Job costing or job order costing also called specific order costing is a method of costing which is used when work is undertaken as per the customer’s special requirement (tailor-made).


“Job costing is that form of specific order costing which applies where work is undertaken to customer’s specific requirements and each order is of comparatively of short duration.”

Under this method of costing, each job is considered to be a distinct cost unit. As such, each job is separately identifiable. In the case of a job, work is usually carried out within the factory or workshop. Sometimes, a job is accomplished even in the customer’s premises.

Job costing is employed in the following cases:

  • Where the production is against the order of the customer or jobs are executed for different customers according to their specifications.
  • Where each job needs special treatment and no two orders are necessarily alike.
  • Where there is no uniformity in the flow of production from one department to another.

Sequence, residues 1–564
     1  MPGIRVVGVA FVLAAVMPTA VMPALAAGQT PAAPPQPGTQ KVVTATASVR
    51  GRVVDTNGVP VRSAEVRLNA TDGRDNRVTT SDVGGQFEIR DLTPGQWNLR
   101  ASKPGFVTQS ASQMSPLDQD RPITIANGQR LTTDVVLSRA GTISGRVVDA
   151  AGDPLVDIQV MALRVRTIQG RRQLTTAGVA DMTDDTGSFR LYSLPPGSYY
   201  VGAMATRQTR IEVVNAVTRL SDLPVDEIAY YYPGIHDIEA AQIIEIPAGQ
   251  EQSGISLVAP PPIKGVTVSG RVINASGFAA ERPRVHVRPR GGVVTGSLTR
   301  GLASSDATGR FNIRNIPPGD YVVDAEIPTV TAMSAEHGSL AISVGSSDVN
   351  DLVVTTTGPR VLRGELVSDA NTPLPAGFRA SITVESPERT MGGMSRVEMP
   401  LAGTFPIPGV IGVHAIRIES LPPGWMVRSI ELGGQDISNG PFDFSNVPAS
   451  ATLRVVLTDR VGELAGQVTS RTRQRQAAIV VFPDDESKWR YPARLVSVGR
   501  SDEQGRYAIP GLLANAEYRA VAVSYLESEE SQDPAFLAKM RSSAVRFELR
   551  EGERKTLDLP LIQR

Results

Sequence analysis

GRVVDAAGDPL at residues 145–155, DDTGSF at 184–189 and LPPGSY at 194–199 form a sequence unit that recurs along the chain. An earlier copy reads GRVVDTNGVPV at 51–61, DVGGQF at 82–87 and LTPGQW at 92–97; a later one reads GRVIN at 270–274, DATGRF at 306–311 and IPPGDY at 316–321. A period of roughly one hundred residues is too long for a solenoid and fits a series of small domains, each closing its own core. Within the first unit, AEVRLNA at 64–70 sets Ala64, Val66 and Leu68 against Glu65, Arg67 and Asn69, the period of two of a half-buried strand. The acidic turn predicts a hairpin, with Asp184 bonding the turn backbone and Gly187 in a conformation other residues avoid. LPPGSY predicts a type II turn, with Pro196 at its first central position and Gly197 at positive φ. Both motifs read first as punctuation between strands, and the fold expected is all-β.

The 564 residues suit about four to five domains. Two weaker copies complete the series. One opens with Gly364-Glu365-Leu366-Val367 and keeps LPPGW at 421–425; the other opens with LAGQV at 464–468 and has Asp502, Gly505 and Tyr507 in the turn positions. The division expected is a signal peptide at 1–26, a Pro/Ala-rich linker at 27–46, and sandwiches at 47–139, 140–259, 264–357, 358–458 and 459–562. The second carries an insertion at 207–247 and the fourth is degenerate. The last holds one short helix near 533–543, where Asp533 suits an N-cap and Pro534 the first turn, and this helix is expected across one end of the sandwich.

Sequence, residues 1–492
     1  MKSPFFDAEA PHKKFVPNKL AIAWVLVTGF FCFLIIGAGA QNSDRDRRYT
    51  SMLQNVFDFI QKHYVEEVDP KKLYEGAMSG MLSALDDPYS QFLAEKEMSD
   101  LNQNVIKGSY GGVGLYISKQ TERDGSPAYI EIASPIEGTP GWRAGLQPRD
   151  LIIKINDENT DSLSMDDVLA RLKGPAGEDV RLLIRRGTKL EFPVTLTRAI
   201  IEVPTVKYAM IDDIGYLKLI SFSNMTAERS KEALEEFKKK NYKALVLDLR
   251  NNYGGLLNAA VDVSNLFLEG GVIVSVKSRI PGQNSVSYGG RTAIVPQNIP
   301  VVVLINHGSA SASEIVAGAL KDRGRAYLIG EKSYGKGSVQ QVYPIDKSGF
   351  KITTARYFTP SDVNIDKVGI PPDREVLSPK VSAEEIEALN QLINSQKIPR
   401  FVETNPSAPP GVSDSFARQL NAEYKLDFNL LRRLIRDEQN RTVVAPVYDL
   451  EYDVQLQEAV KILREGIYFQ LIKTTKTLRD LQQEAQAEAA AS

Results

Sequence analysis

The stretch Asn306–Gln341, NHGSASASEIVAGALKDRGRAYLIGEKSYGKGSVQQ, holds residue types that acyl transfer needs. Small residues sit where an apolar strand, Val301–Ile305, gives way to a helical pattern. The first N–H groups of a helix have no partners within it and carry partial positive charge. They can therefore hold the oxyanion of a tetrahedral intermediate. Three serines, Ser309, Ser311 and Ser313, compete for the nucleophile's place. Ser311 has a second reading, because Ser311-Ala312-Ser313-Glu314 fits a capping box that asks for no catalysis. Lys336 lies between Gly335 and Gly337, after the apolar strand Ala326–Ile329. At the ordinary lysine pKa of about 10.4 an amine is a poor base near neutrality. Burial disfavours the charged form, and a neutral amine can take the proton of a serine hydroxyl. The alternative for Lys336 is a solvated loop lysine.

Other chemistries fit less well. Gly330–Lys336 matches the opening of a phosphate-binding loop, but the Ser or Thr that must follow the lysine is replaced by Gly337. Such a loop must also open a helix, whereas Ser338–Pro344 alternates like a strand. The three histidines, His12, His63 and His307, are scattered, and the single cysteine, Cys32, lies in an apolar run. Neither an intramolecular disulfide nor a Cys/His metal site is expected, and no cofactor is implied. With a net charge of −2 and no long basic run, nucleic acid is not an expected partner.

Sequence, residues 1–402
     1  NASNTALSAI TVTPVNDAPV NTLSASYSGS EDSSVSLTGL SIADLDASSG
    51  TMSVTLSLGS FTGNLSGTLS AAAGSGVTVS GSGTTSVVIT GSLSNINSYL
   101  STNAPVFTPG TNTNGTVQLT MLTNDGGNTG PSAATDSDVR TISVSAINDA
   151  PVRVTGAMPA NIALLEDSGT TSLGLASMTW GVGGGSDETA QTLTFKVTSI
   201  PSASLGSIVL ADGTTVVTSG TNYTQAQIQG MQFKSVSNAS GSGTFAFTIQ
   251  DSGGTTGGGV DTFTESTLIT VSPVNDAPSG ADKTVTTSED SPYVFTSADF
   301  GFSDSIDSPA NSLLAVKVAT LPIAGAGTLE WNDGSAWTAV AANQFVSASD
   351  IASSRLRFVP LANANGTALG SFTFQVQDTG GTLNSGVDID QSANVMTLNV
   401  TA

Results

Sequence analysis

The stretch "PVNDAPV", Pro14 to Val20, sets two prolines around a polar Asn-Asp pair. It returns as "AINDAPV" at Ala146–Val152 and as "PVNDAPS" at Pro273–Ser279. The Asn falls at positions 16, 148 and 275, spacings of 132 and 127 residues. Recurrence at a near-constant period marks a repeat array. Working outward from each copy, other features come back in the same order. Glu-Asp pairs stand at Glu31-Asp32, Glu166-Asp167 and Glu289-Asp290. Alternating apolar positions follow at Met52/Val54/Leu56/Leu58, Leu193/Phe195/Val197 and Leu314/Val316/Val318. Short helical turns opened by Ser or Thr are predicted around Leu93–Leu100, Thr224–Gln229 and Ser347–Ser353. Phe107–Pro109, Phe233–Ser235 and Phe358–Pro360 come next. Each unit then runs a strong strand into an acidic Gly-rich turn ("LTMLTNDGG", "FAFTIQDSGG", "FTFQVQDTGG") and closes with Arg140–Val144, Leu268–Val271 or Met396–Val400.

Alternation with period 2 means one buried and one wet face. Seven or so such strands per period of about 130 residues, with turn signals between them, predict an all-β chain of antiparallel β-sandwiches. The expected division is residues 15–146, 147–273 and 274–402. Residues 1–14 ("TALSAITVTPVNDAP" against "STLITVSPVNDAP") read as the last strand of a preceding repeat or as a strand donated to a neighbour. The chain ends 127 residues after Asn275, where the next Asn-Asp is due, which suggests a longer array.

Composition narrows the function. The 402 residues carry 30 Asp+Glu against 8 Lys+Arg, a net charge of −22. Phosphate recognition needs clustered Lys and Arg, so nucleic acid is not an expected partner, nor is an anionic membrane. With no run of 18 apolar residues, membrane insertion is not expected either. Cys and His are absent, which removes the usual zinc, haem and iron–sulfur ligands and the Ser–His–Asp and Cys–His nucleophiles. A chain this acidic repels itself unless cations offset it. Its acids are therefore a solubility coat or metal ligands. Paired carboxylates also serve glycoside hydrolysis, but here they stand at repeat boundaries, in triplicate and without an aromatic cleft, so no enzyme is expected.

• Where the work-in-progress differs from period to period on the basis of the number of jobs in hand.

Job costing is applicable to printing, furniture, hardware, ship-building, heavy machinery, foundry general engineering works, machine tools, interior decoration, repairs and other similar work.


1. Each job has its own characteristics, depending up on the special order placed by the customer.

2. Each job is treated as a cost unit.

3. A separate job cost sheet is made out for each job on the basis of distinguishing numbers.

4. A separate work in progress ledger is maintained for each job.

5. The duration of the job is normally a short period.

6. Profit or loss is determined for each job independently of others.


The following are the advantages of Job costing:


It helps management to detect which jobs are profitable and which are not. Estimates of cost for similar work in the future may be conveniently made on the basis of accurate record of job costs. This assists in the prompt furnishing of price quotations for specific jobs.


The cost of materials, labour and overhead for every job or product in a department is available regularly and periodically, enabling the management to know the trend of cost and thus by suitable comparison, to control the efficiency of operations, materials and machines.